On Monday, I asked 39 people that question during Part 1 of my new Before We Brand learning series, and all I got was silence. Okay, I should probably mention that it was during my first live broadcast on Periscope. So, technically I wouldn’t be able to hear them if they were talking, but I did get a few hearts. Anyway, I continued by sharing a compelling statistic reported by Forbes: Approximately 543,000 new businesses open every month! I used this information to build an argument for identifying a problem worth solving that differentiates them from their competitors.
No One Will Buy a Solution Until You Give Them the Problem
You’re at a networking event and you meet someone who clearly needs your product/service. You share the benefits and features while they smile and nod politely. They abruptly excuse themselves but they do leave with your card (note they didn’t ask for it you handed it to them). Now flash forward to another event and you run into that same person. You learn they hired a competitor after they ask your name and what it is you do. Insane, right? Well what can you do about it?
Stop selling the solution! Start selling the problem!
I’ve been privy to some amazing sales events over the years and have delivered several of my own. I’ve become really good at spotting the great salespersons versus that “not so good”. It has a lot to do with an inherent passion and/or skill to cultivate an authentic relationship. They are socially adept yes, but also have the skills to identify the specific problems that matter to their prospective clients. Basically, they do their homework. They make sure that they come across as an expert in the problem facing, or potentially facing, their audience. Before you know it, that audience is held captive until the solution is revealed.
As a small business owner or entrepreneur, it’s important to identify the problem that will resonate most with your target audience so that you can craft a unique value proposition to incorporate into a brand strategy. I know this sounds challenging because no one wants to admit they have a problem, much less one you may benefit from, right? To prepare for this, don’t just identify a problem, support it with compelling data or information that helps someone recognize, that living with this problem will cost them much more than implementing a solution. So what do you do?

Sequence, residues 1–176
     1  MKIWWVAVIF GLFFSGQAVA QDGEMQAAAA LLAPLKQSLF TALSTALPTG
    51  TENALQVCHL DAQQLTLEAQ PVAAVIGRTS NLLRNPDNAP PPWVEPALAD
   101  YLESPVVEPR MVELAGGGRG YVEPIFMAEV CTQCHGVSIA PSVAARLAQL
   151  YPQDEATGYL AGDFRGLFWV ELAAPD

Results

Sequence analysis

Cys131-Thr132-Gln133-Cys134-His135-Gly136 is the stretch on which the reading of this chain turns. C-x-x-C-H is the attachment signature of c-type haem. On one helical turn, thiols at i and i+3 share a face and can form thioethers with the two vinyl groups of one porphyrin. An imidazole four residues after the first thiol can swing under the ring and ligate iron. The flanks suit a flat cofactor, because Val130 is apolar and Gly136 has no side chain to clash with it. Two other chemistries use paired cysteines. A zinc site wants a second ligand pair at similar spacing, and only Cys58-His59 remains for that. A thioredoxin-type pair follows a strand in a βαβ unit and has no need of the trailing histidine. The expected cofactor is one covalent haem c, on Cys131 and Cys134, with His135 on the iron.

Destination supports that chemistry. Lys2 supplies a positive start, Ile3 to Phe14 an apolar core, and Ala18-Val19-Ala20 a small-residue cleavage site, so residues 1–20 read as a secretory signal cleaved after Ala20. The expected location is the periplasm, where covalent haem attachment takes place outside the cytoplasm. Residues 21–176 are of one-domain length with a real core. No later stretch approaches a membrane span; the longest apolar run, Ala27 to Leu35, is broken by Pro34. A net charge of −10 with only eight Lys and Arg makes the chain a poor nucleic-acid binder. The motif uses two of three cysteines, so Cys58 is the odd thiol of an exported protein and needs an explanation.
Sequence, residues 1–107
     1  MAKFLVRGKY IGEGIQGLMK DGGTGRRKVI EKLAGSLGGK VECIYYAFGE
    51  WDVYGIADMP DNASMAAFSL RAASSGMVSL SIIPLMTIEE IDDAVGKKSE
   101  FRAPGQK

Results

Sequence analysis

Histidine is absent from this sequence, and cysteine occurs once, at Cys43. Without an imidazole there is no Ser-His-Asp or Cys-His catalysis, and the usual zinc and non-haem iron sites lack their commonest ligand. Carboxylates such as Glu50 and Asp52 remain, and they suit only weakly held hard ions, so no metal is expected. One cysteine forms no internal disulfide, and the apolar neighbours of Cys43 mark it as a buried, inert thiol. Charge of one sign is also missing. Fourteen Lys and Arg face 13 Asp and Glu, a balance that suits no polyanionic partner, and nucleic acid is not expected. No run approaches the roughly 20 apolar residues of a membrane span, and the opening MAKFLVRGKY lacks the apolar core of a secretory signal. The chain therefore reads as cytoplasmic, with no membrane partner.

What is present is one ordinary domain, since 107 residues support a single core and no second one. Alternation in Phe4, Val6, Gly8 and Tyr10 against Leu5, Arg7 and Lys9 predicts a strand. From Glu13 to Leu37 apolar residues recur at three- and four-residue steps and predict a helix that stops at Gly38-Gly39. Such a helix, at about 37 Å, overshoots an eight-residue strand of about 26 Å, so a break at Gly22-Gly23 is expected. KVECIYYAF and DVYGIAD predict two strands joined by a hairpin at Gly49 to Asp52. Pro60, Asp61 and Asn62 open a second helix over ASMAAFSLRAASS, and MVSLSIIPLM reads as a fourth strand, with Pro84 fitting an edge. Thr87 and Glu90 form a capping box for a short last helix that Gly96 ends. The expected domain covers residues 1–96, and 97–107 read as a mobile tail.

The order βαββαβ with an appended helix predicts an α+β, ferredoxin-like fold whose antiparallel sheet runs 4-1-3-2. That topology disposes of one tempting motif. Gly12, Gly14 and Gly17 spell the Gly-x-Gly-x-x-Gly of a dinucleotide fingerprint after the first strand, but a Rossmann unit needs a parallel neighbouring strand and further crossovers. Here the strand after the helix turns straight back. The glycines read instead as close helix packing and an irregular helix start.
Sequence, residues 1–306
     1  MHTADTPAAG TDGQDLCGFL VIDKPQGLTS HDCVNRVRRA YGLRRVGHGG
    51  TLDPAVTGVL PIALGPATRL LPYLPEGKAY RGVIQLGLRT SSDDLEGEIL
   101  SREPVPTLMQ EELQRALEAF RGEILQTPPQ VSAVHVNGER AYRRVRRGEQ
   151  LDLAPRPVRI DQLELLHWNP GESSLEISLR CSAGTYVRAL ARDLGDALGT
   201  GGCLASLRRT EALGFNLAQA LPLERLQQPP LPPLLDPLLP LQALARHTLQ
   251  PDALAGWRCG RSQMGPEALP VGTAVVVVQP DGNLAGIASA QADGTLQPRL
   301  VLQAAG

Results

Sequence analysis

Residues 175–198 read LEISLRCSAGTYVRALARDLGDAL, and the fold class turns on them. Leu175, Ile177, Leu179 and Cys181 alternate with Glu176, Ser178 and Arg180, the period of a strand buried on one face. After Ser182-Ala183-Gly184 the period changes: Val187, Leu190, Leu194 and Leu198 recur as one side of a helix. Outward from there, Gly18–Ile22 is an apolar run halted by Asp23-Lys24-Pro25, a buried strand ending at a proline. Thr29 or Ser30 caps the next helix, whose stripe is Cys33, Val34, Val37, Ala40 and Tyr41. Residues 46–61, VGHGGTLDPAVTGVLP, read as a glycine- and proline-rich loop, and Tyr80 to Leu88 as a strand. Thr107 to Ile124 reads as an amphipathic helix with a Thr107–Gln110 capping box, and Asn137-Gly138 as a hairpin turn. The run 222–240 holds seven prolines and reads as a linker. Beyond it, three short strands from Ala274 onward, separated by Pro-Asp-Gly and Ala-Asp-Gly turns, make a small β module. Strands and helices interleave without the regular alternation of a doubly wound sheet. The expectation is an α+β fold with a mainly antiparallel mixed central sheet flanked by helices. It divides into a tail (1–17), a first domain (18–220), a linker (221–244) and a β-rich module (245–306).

Just like any great salesperson, you do your homework!
3 Simple Steps to Help You Identify a Compelling Problem
1. Research the current trends of the markets that your solution benefits.
You need to know the market(s) your solution impacts. You may consider the market(s) you have expertise or experience in, if it applies. Read top stories, annual trend reports and/or any source that gives you the most accurate and current assessment on the market(s). The more knowledgeable you become, the better equipped you will be to identify and sell the problem.
2. Identify the major problems your solution solves.
If you have existing or past clients, ask them what problems you solved and make sure they were satisfied with the outcome. Your knowledge of the market should give you some insight as to who would pay for your product/service. Take that assumption and conduct surveys , “on the street” interviews or even small focus groups with that prospective target audience. Don’t exclude your social and extended networks. There’s always someone willing to give their opinion!
3. Choose a problem you can solve and sell.
Gather all the data and information you uncovered from first two steps and find a resonating theme. Most problems are stated in variety of ways but they tend to revolve around a core theme. If you’re lucky, it’s clear cut an you can see not only crafting your unique value proposition from it, but the brand messaging you can use to sell to and attract your target audience.
So lesson of the day? Do this homework and you should have a problem worth branding.
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